HAZLET – The Hazlet Township Public Schools Board of Education has reduced its 2018-19 budget by $360,000 to accommodate a sudden reduction in state aid as the start of a new school year approaches.
Under Gov. Phil Murphy’s initial funding proposal in March, Hazlet’s state aid package for 2018-19 was expected to total $12.91 million. Using that number as directed by state officials, district administrators crafted and adopted a $58,084,662 budget for the upcoming school year.
However, the district’s state aid amount changed in mid-July when Murphy and leaders in the state Legislature renegotiated New Jersey’s school aid funding law and trimmed Hazlet’s allocation to $12.55 million – a loss of $360,000 from what the district had been told it would receive.
Board members were given until July 31 to account for the loss of state aid in the 2018-19 budget.
During a meeting on July 30, board members voted 7-0 to cut the budget by $359,124 with reductions in more than 20 accounts ranging from textbooks ($3,750) and instructional supplies ($4,900) to classroom aides ($78,752). The board also trimmed health benefits ($57,438), a middle school teacher ($55,425), instructional supplies ($44,050) and administrative salaries ($17,680).
The revised budget now totals $57,725,538 for 2018-19.
In an interview on Aug. 1, Hazlet Superintendent of Schools Scott Ridley said three classroom aides, also known as paraprofessionals, were let go. Those individuals will be kept on the district’s payroll with benefits through Sept. 30, Ridley said.
He said the paraprofessionals have been encouraged to place their names on the district’s list of substitute teachers so they may work when needed, and he said they have been given the right of first refusal if and when a paraprofessional position opens in the district.
Ridley said changes in the school district’s curriculum and certain classroom assignments meant those positions would have been eliminated for the 2019-20 school year. He said the July 13 reduction in the district’s state aid caused that decision to be made a year earlier than intended by district administrators.
In another move, a middle school teacher was reassigned to a permanent substitute’s position to fill the position of an individual who will be on medical leave for the 2018-19 school year. The vacated middle school position was “absorbed” due to an increase of math minutes which resulted in a decrease of language skills minutes in the block schedule, the superintendent said.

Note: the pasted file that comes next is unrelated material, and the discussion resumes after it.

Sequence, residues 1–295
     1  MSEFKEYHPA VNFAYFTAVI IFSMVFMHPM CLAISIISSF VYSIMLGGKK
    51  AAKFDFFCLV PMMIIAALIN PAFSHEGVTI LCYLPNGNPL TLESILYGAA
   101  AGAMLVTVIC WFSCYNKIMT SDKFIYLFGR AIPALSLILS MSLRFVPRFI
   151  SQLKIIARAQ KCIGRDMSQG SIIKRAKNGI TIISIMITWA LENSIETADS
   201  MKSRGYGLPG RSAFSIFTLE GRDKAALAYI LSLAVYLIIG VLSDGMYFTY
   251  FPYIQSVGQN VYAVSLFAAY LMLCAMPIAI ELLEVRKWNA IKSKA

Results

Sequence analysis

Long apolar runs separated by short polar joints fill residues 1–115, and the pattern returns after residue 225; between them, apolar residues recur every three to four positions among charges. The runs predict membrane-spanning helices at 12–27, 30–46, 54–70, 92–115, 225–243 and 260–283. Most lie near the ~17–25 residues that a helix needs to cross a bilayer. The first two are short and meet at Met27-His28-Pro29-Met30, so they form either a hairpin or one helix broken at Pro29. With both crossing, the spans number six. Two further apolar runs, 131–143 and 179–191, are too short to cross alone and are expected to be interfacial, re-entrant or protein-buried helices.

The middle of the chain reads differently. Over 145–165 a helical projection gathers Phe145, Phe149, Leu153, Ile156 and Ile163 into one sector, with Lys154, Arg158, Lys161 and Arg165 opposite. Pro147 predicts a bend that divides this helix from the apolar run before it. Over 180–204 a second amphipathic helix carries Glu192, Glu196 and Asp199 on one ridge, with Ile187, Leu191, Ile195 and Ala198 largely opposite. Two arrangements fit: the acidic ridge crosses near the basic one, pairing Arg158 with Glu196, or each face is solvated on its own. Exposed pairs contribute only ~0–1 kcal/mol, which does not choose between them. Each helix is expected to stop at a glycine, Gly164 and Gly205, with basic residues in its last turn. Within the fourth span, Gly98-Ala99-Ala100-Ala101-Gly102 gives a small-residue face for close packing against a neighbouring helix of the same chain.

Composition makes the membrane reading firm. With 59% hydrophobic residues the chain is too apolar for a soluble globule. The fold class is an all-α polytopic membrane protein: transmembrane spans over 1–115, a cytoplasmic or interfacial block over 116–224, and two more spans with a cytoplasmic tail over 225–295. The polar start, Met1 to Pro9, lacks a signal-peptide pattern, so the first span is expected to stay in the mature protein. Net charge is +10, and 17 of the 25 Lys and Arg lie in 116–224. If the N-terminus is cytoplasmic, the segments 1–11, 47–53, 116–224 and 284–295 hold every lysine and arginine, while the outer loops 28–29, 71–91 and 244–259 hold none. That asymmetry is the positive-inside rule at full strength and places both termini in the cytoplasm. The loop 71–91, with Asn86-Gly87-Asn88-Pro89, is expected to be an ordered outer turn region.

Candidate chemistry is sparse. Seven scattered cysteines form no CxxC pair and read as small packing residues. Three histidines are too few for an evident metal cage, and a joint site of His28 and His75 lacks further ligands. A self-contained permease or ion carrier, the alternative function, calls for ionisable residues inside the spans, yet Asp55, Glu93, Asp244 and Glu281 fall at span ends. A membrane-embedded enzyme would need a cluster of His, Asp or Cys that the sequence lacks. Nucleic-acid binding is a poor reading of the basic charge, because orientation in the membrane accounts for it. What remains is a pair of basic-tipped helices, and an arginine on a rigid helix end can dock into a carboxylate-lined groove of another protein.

Ridley commented on the the broader point of the recent changes in the amount of aid the state will provide to school districts, saying, “At this point, we have absorbed the cuts by downsizing the school supplies budget and not expanding some additional programs.
“We will continue to prioritize not eliminating any teaching lines, though the fiscal reality of what is possibly still to come may prompt us to revisit this commitment. Unless our enrollment reverses its recent trend and increases, we are likely to see continued reductions (in state aid) over the next three to five years,” he said.
Recently, Charles Sampson, the superintendent of the Freehold Regional High School District, said superintendents from Monmouth County are planning to meet with state representatives to discuss the impact the changes in the school funding law will have on their districts.
In July, the Freehold Regional High School District had to accommodate a sudden $1.27 million reduction in its state aid package for 2018-19.
Ridley said that in his role as Hazlet’s superintendent, he will be part of the effort by Monmouth County’s school superintendents to address the issue of state aid with the county’s representatives in the Legislature.